emissions........ I'd bet one engine of a 747 taking off is putting out=

FAR more "junk" in a few minutes that any handcraft potter's kiln probabl=
will in a year . Stand at a street corner in a city and count the car=
for a half hour......... you want to talk about emissions and their impac=
on the environment? Even with the scrubbing in place... the "leftovers"
from many industrial process stacks STILL put out more junk than a craft
potter will. Our potential problem with any of our kilns is that we are
not looked at as an important "cog" in the wheel of industry and the
pursuit of money and votes,........... not that we are such huge pollutio=
sources. We would be "easy" to shut down.

A "high profile" case involving a wood kiln could draw the attention of t=
governmental agencies (either local, state, or country) down on ALL
woodkilns. This could result in a woodkiln "witch hunt". This would
happen even though 18 wheelers will still go merrily along belching diese=
smoke, gazillions of cars will commute into the city with single
passengers, mass transit will continue to be non-existant, home fireplace=
and wood stoves will continue on unhindered, town municipalities will bur=
brush piles, and so on. This is because potters have NO real political
clout as a group. Potters are not seen as a necessity. Potters don't
number enough to represent a voting bloc. The aesthetics of woodfire are=

"lost" on the masses. And so on. See the archives for a LOT more on thi=
whole concept...... been discussed a bunch....and I don't have time to go=

into all of it again right now. If I remember correctly you might look
under the topic of "Tozan Kiln Shut Down" or something like that..... I
think a bunch of this discussion ran off that topic.

A goodly number of years ago here in New Hampshire, USA, there was a salt=

firing potter who located into an urban setting thinking nothing of what
might happen. Vehement complaints from neighbors about that particular
installation brought the "wrath of the State" down on ALL salt kilns in t=
whole state. It did start a "witch hunt". The "powers that be" knew
nothing about potter's salt kilns before it was thrust to their full
attention by this situation. The State didn't know...and didn't care. =

Probably didn't WANT to care...... more important issues to take care of.=

But once the city neighborhood was "up in arms"...... they HAD to care. =

Even after it came to their attention, they still really knew little abou=
them or their emissions, but they still attempted to shut all salt kilns
down in the state UNLESS the potter installed industrial type emissions
controls (read that as EXPENSIVE). A couple of them did this....... =

including the original "offender". The rest "hid" their firing practices=

or stopped completely. Most stopped. This pretty much eliminated salt
firers here in NH to this day. A couple have crept silently back
in.....but one complaint and "zap".

Rural New Hampshire.... land of the "stealth" salt kiln .

I have not heard of an anagama in a downtowncenter.. so if there is one o=
there what are you doing?

There might be a reason .

A pretty long time ago...... late 70's (?).......... for some very concre=
reasons having nothing to do with simply WANTING to have a wood
kiln......... I constructed a 3 chamber woodfired noborigama right betwee=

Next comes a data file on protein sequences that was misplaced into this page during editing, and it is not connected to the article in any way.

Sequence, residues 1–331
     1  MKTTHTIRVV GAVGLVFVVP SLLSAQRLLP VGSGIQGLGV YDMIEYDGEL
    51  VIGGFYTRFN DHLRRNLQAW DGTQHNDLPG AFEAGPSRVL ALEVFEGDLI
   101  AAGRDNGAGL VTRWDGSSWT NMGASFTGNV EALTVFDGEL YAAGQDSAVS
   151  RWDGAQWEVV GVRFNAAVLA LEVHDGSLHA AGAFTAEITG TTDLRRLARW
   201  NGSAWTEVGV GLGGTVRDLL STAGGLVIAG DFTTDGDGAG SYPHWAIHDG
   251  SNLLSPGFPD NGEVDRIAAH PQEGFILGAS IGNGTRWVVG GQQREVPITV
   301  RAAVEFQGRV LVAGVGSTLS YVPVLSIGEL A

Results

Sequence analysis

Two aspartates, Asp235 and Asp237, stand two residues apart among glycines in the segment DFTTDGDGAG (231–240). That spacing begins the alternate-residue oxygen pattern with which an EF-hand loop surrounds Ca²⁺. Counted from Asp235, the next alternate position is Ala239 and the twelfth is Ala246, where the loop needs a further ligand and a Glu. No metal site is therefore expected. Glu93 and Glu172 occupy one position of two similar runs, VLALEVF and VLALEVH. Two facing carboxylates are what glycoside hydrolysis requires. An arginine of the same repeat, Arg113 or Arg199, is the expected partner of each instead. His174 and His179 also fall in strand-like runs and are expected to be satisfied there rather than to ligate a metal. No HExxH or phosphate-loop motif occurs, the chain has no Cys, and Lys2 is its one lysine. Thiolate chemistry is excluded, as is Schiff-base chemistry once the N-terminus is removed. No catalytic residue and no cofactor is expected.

Children's Hospital and Beth Israel Hospital in Boston. This was done wh=
I was the FT technician at Massachusetts College of Art. It was done whe=
the State (Massart's a state school), in all it's infinite wisdom, shut
down our entire fuel fired kiln facility for renovations which would last=
full year..... suddenly....without more than a few weeks warning, just
before the beginning of the fall semester!!!!! That wood kiln did ALL th=
fuel firing for the entire department for a year. It was a SURVIVAL
measure to begin with....but became a very positive feature of the school=
facilities later. Massart's program at that time was HUGE. Lots of ware=

to process. Undergrads and grads depending on the opertion. Tons of
elective students. Only 5 small electrics.

Had we not done that wood kiln.... we would have been pretty much focusin=
on "conceptual ceramics" for a year .

I selected a noborigma for efficiency of output volume relative to amount=

of labor and wood processed. Aesthetic issues were secondary (but NICE

That noborigama remained in use after our gas facility was restored.... a=
was utilized for many, many years after that. It is long gone now that
Massart has relocated to the old Boston State campus. That kiln started =
lot of people off woodfirng, and the team building and learning that went=

on was tremendous. I have very fond memories from that time. Have some
great pictures of the Massart parking lot with cords and cords of wood
being split by students. Still remember the subtle scent of wood smok=
during the end of the all night preheat phase, as dawn broke over a still=

quiet Boston and we sat talking quitely and sipping tea. It brought such=
nice "country feel" to the city, and gave the students a pretty unique
experience for an urban school. Oops... I digress .

That kiln had a main firebox (dogima) design that was very clean burning
(unlike most anagamas), and the dual stacks had an afterburner system
(powered off a pair of 40 lb propane trailer cylinders) to clean up VISIB=
emissions (not fine particulate). While there WAS some smoke leaking off=

the stoke holes, blow holes, and spy ports...... the kiln chimneys burned=

visually "clean" outside the building. At the peak of the firing they